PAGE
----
An outbreak of Ebola haemorrhagic fever in Uganda’s Kibaale district, about 220 km west of the capital Kampala, in July/August 2012 has affected the lives of many.
The Ebola virus can cause severe haemorrhagic fever, which kills up to 90% of those infected. Although the origins of the virus are still imperfectly understood, its home is the rainforests of central Africa. Humans are often infected after contact with infected animals such as primates, and the virus is transmitted from human to human through contact with bodily fluids. Symptoms include fever, intense weakness, muscle pain, followed by vomiting, diarrhoea, rash, impaired kidney and liver function, and sometimes bleeding. There is no antiviral medicine or vaccine for Ebola.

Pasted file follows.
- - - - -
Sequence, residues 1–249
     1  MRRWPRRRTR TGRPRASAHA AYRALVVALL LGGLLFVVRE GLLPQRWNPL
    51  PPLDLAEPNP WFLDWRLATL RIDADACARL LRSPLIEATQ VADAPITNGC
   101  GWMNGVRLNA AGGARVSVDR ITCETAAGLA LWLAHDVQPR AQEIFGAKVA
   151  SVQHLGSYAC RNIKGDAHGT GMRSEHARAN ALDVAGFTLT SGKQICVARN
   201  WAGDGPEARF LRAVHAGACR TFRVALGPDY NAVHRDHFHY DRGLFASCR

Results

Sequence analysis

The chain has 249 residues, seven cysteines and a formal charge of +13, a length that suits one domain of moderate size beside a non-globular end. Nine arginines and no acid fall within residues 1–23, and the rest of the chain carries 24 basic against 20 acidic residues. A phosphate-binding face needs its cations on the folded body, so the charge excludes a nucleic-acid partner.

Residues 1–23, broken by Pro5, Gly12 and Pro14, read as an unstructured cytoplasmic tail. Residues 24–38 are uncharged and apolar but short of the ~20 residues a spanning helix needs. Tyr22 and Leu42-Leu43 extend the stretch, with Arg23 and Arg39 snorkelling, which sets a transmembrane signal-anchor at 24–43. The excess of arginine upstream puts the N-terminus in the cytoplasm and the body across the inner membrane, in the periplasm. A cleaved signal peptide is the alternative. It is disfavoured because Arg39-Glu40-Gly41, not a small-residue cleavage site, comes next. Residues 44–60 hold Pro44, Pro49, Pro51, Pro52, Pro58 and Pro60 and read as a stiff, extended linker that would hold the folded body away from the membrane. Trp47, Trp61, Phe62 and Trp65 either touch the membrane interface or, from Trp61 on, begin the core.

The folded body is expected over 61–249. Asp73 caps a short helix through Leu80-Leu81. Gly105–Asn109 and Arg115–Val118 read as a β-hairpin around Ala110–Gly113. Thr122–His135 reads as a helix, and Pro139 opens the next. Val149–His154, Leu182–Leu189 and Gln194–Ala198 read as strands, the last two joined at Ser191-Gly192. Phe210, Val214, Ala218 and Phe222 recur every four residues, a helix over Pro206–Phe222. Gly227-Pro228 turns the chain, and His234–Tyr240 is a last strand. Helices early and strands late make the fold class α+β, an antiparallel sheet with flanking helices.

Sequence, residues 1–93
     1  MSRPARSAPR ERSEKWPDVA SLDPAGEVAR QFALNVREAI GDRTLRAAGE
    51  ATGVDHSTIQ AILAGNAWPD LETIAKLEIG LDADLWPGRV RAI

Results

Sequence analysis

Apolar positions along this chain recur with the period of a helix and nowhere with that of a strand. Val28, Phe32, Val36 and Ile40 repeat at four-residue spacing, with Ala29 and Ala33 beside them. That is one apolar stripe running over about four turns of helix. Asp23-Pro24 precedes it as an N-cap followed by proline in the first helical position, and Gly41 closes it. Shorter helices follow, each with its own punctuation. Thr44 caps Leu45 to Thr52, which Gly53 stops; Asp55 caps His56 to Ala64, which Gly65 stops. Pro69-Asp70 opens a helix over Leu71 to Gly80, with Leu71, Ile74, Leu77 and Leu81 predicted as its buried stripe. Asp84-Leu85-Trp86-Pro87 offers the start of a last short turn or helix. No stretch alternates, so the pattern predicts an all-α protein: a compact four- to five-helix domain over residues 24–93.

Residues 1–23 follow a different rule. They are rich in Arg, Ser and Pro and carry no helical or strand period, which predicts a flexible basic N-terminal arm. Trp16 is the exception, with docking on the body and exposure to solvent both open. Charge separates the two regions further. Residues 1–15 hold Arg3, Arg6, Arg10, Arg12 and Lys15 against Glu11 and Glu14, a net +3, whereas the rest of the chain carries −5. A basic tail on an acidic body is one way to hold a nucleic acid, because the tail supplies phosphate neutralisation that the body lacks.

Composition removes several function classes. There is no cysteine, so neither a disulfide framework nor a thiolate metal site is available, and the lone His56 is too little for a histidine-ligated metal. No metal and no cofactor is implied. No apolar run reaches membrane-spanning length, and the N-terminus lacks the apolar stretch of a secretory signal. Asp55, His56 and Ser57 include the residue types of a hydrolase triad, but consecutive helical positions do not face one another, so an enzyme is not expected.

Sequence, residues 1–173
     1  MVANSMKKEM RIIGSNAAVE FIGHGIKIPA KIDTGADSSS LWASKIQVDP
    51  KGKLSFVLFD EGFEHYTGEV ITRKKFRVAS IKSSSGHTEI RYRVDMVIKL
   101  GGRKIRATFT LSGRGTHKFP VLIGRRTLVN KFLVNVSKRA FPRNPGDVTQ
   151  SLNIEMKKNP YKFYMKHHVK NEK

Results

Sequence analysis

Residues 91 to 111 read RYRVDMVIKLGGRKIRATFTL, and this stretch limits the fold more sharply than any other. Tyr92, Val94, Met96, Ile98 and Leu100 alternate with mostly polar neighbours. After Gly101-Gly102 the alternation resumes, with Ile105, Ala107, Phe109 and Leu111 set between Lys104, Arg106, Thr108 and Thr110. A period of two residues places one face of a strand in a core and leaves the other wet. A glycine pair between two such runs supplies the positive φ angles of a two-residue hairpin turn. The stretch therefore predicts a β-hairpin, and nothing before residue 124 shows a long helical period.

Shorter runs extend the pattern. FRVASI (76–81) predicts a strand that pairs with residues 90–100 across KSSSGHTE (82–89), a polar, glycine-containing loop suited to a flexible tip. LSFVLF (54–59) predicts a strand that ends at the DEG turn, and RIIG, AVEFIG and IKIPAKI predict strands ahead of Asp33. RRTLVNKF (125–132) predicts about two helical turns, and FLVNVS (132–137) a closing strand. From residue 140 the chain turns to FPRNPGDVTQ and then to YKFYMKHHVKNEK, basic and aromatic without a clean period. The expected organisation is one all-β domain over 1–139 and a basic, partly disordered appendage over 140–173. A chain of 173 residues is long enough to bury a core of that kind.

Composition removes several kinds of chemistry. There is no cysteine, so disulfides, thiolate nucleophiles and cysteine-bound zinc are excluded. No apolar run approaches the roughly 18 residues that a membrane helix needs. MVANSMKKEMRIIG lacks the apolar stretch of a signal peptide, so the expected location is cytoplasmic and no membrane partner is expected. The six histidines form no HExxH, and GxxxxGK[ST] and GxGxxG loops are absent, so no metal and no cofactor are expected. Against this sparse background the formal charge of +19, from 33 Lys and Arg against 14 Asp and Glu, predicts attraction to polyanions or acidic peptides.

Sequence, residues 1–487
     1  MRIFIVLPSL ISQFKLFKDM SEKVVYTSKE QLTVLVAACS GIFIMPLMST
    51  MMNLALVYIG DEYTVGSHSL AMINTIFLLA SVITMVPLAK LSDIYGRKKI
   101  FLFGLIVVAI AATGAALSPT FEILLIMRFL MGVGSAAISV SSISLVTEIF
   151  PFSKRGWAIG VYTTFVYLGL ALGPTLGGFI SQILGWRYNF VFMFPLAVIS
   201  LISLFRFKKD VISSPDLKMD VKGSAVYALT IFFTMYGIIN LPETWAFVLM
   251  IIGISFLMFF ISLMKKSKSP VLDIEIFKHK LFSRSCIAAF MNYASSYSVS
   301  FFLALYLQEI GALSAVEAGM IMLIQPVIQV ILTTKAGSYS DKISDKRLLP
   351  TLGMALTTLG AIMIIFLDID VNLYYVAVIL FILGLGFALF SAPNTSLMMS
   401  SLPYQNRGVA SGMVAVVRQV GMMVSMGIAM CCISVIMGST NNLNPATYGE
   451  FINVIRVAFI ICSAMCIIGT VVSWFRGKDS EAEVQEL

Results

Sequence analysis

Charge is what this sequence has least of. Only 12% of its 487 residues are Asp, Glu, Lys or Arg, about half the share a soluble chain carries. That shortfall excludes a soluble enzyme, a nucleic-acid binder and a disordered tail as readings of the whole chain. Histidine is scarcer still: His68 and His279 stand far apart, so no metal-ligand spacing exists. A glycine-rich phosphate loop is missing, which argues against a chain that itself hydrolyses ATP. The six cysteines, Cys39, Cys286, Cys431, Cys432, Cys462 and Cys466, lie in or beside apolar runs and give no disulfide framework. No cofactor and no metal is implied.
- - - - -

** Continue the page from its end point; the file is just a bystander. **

WHO helps countries with Ebola outbreaks by providing expertise and documentation to support disease investigation and control and helps coordinate the response.
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